So while I was listening as always for tips on new drills, this time thinking about things that might be more advanced for h school-level players, the guest on this particular podcast, Coach Kyle Nelson of Cornerstone Coaching Academy, made two comments that got me thinking in an entirely different direction.

The first comment was a shorter aside near the end of the program when Coach Caliendo asked him about what sort of things he is trying to do now to make himself better as a coach:

COACH NELSON: One of the things I am going to do this year at our school…is go to different practices. I’m going to go and watch a volleyball practice. I’m going to watch a football practice. I’m going to go watch a soccer practice. And I’m going to figure out what they’re doing that I like. Is there something they are doing that I can learn from and incorporate into what we’re doing. Because coaching is coaching, right? The sport is just the tool you are using to do it.(my emphasis)

As I’ve made quite clear on this blog, I’m a baseball guy. But this simple statement really hit me. In my interview with the Athletic Director at FCHS, I noted that my primary goal as a coach is to give my kids the life-skills that baseball brings, focus, handling failure, problem-solving, dedication to a goal beyond just your own, and devotion to a regimen, among others.

But this quote for the first time really reversed my whole prism on why I coach. I don’t coach because I love baseball. I love baseball because at heart, I’m a coach. Baseball happens to be my particular canvas of choice because I grew up with it and see the benefits the game brings to kids. But I know plenty of people who are equally as passionate, and for very similar reasons, about their sport of choice.

Coach Nelson’s comment also reframed an earlier conversation he was having, this time about one of my favorite things—coaching mistakes. For while I love to hear coaches talk about their successes, I find it just as valuable when they talk about their shortcomings. Goodness knows I’ve made plenty, and discarded everything from standardizing pitching motions to focusing on top-hand swinging. But Nelson’s comments I found more illuminating:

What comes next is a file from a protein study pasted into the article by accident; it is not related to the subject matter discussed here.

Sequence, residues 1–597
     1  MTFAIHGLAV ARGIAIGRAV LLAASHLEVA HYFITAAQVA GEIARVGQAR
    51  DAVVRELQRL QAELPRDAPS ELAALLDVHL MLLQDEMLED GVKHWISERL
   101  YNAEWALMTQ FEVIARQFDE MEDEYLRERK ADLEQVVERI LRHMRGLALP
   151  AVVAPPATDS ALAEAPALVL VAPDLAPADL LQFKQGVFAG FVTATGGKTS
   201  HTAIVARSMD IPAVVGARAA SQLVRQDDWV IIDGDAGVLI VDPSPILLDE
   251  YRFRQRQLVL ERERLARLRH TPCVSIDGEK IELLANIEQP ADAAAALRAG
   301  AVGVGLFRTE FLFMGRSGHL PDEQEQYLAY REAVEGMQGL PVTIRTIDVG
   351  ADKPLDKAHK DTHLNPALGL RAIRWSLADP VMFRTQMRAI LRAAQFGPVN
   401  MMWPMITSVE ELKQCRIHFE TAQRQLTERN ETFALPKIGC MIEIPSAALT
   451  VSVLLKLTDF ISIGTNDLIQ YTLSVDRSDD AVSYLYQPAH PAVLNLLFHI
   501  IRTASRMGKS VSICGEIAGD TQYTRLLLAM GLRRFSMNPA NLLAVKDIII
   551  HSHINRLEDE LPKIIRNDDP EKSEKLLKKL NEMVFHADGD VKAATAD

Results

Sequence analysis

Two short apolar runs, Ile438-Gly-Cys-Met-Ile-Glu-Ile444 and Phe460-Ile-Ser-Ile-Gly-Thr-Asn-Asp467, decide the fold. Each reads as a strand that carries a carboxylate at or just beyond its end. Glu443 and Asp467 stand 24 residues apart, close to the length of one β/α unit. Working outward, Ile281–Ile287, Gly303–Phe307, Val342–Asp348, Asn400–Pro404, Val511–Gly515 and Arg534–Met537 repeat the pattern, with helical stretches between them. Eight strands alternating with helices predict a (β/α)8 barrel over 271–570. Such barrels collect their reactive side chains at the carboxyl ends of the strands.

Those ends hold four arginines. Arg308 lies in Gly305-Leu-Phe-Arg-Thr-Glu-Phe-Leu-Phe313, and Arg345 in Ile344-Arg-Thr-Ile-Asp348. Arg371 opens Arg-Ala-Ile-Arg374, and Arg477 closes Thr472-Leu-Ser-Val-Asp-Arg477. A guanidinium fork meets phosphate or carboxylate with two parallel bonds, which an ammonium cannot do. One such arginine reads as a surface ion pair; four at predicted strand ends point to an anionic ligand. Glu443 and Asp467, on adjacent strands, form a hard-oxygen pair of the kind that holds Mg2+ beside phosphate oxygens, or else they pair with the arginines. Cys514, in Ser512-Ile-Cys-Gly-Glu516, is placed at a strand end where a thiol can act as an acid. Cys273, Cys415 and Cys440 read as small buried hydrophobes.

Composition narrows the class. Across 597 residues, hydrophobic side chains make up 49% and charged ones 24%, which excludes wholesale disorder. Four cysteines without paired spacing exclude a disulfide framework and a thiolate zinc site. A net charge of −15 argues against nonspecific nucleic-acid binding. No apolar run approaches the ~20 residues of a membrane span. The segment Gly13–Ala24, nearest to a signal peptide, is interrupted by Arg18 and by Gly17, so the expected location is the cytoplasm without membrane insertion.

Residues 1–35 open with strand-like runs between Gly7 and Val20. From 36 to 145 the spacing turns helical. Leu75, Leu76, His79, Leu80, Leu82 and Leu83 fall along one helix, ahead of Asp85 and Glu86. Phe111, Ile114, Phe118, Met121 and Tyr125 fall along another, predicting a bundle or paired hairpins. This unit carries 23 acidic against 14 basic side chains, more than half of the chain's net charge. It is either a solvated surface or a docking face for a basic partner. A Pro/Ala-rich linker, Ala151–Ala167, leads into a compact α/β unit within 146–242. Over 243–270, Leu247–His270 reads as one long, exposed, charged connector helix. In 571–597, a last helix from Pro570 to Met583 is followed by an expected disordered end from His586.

COACH NELSON: Yeah, that’s one of my biggest complaints about the way I used to teach and used to coach… I could get players to get good at hitting in practice, but it didn’t always translate into a game… Or I could get players really good at fielding ground balls off of the backhand when they knew it was coming.

But with baseball, with the exception of the pitcher, almost everything we do is a reaction. To give you an example of this, the next time you’re working with a kid to catch, and you’re working blocks, throw about four or five blocks in a row…and then throw one down the middle, and watch them drop to their knees and have it hit them in the chest.

What you realize is, is that you’re working the mechanics of blocking, but one of the most important parts of blocking is recognizing the pitch that needs to be blocked and to beat it there… You’re not using that mechanism at all when you are simply blocking 10 pitches in a row. So I would say that happened about seven or either years ago when I looked at our practices and said, “We need to get more decision making into our practice before performing a skill.”

We need to have them make a decision when they’re hitting. They’re not just going to come in the cage and swing at the first eight pitches that we throw. We throw balls in batting practice on purpose. We throw bad pitches on purpose, because if they don’t work on pitch selection in practice, when are they ever going to work on pitch selection? Well, that will be in the game, and if they’re not very good at it, and coaches are going to get upset with them swinging at pitches above their hands, or swinging at balls outside… But if you allow them to get away with that in practice, you’ve really fed the problem.

For infielders, we’ll work “Here’s ground balls at you, here’s ground balls to your forehand, here’s ground balls to your backhand.” They don’t need to read the ball and make a decision on what kind of a movement they need to make.

That to me was seven or eight years ago. I really made that change because I felt like I wasn’t preparing guys for what they actually were going to see. I was preparing them to be really good in practice, but not really good in the game.

COACH COLLANGELO: You know what? Makes 100% sense. And I’ve got to believe that coaches in the U.S. and around the world at all levels, especially at the younger levels, because I’ve said on the show many times we’ve got to make sure that our coaches working with the younger levels, some of them happen to be volunteers, some are not because there are now travel teams running young teams so they’re professionals in the game. A lot of them are guys who study the game. I’m hoping more and more they are taking this philosophy because it’s the only way I see the game getting better.